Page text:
Fruition Garden Journal

video tutorials, tried-and-true tips + our latest learnings to surround you with abundance all season long

How Long Do Seeds Last? Best Practices & A Story

Mar 02, 2018
 

The red-winged blackbirds have returned and we just got eighteen inches of snow!  

Before I sat down with a cup of chaga tea to write you this morning, here is what we did at dawn:

 

How Long Do Seeds Last?

Friends, I've been asked a lot recently:

"Is it worth planting these seeds I didn't sow last season?"

The answer is yes. Mostly.

Here's the thing: most seeds will last three to five years kept dry and stable, relatively low temperatures. A kitchen cupboard or desk drawer are perfect places for seeds. So planting seed from the year or two prior is perfect. 

The only exception: anything in the allium family (onion, leek, scallion, chive, shallot) and parsnip. Their seed coat is thin and fragile, so they readily oxidize and lose their germination. These are the only seeds to purchase each year. If you do have extra from years past, sow them more densely than you would if their germination was optimal. 

Many seeds are delicious as seedlings...

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Harbinger of Harbingers: Sowing Allium Seeds for Spring

Feb 20, 2018
 

Harbinger of Harbingers: Sowing Allium Seeds for Spring

With snow still on the ground and freezing nights long from over, it's finally time to sow the first seeds!

Sowing alliums is certainly a sign that spring has nearly sprung. 

The ideal window to sow onions, leeks & seeded shallots here in Zone 5 is mid-February to mid-March. No need to rush, you've got time to gather everything you need to make it easy. Growing great seedlings is one of the best ways to ensure you'll truly reap what you sow. 

And don't worry, it's not time to start everything. In fact, most seeds sown this early would be sown weeks (& months!) too soon, here in Zone 5. 

The only seeds to sow in February are allium seeds.  The Allium family (thanks for the great name, Linneus) include onions, leeks, shallots, chives and garlic. Garlic and vegetative shallots are planted in fall and chives can wait 'til April, but the first three are best sown mid-February to...

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7 Essentials of Seed Starting: an Infographic

Feb 08, 2018

7 Essentials of Seed Starting 

Many gardeners want to start seeds more successfully, so my friend Sal and I created this gorgeous infographic for you:

 Where do I get...

...the LED grow light that we use? Here.

...easy to use soil blockers to make gorgeous soil blocks? Here.

...organic potting soil? Here

...a heat mat that will change my life? Here.

And for our Ultimate Seed Starting Collection, head here.

What inspired us to make an infographic for you?

Dreaming of the season ahead, my dear friend Kc inspired me to make a list of the 7 essential things she needed to know to start seeds well...

...then I'm scheming to make supper with my dear friend Sal, whose illustrations are as vivid and whimsical as her gardens and stories. Eureka! Sal and I had SO much fun laughing and learning as we brought to life the 7 Essentials of Seed Starting through visual story.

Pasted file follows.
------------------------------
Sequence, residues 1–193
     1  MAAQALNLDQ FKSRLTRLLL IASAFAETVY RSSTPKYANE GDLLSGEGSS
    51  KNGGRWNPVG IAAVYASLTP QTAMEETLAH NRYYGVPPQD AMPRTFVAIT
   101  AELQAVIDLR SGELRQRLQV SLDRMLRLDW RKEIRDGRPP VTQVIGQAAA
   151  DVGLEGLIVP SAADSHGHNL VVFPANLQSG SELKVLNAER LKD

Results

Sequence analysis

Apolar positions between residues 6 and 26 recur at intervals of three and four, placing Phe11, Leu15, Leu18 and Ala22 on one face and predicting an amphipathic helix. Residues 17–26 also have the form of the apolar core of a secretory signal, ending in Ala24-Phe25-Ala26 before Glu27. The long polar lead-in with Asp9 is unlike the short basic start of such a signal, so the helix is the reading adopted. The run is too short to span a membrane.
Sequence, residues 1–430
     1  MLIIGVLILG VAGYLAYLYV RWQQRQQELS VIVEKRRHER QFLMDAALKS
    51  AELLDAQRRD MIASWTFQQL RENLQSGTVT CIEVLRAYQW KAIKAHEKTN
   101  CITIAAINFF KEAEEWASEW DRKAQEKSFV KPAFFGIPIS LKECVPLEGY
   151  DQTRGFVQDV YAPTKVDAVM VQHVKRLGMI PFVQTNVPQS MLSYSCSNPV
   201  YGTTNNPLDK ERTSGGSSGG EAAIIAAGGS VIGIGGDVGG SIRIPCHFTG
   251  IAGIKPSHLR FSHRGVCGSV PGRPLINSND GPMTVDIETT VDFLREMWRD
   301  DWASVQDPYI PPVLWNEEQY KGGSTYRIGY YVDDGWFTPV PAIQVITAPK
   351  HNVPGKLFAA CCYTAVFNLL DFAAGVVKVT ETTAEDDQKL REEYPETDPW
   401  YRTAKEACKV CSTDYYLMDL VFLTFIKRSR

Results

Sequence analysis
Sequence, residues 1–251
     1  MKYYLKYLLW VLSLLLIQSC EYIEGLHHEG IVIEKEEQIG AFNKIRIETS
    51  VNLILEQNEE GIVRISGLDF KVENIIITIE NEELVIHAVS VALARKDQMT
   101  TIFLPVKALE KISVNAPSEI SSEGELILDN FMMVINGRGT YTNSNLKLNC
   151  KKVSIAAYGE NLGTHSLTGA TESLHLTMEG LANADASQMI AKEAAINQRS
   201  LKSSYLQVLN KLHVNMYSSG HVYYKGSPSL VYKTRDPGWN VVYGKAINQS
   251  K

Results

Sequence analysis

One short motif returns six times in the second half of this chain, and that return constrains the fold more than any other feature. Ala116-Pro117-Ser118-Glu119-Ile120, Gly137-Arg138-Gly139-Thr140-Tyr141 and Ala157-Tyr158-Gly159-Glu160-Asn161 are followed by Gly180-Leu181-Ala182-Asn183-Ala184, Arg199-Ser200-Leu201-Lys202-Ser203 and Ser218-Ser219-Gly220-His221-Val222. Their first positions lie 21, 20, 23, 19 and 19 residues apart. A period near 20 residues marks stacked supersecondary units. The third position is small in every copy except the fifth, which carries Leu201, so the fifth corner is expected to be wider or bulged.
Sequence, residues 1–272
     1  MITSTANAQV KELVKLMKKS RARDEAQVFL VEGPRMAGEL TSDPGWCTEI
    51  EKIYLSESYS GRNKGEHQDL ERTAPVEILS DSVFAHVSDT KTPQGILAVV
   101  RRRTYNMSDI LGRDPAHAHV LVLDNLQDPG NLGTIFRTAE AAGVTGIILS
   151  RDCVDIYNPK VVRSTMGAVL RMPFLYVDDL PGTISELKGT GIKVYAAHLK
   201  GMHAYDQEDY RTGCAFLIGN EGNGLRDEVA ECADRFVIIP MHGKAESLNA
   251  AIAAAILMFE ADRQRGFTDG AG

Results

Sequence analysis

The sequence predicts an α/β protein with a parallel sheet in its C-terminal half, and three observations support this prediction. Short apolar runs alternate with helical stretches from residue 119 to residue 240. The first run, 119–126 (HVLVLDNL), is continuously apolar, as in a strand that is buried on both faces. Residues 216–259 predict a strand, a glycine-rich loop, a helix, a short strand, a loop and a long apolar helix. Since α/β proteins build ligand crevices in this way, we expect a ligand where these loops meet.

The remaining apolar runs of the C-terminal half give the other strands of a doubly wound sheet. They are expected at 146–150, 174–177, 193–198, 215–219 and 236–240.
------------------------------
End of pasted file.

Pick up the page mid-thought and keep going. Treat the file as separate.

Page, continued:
Welcome to Sal's Garden!

Questions for Sal:

Petra: Whose advice do you always listen to?

Sal:...

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5 Keys to Preventing Tomato Disease (there is no silver bullet, but #1 is close)

Jan 26, 2018

5 Keys to Preventing Tomato Disease

(there is no silver bullet, but #1 is close)

Whether you hope to harvest 10 or 10,000 tomatoes, diseases like Late Blight, Early Blight and Septoria Leaf Spot are affecting your abundance every season here in the Northeast.

Here are the 5 keys to preventing tomato disease:

1. Start with disease-resistant seeds.

Sowing seeds with natural genetic resistance to these diseases is the single greatest thing you can do to increase your success whether you are an organic or conventional grower.

Often flavorful heirlooms have little disease resistance and modern varieties with tons of disease resistance have little remarkable flavor. There are exceptions though, and here are some:

Chiapas

 

A delicious heirloom tomato that shares the classic tomato genus but belongs to a separate species, so it has natural resistance to late blight, early blight and septoria leaf spot. Chiapas is always the first and often the final tomato we harvest each...

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9 Questions When Sourcing Seed (and what to really ask about GMOs)

Jan 19, 2018
 

Here are nine key questions to source the best seeds possible for you, making your garden beautiful and abundant from the start.

At the end is my (inimitable) response to one of our most asked questions:

"Are these seeds GMO-free?"

Most importantly:

Stay curious, ask questions & have fun!

 

May the seeds you sow amplify abundance for all for months and generations to come :)

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Get Our Free Seed Starting eBook!

​​​⭐️ Rise & Shine: Starting Seeds with Ease ​​​⭐️

For years we’ve been asked to demystify seed starting and here it is: Rise & Shine shares everything you need to start seeds successfully at home in 40 beautiful pages with easy-to-follow instructions and insightful tips for the novice and experienced grower alike.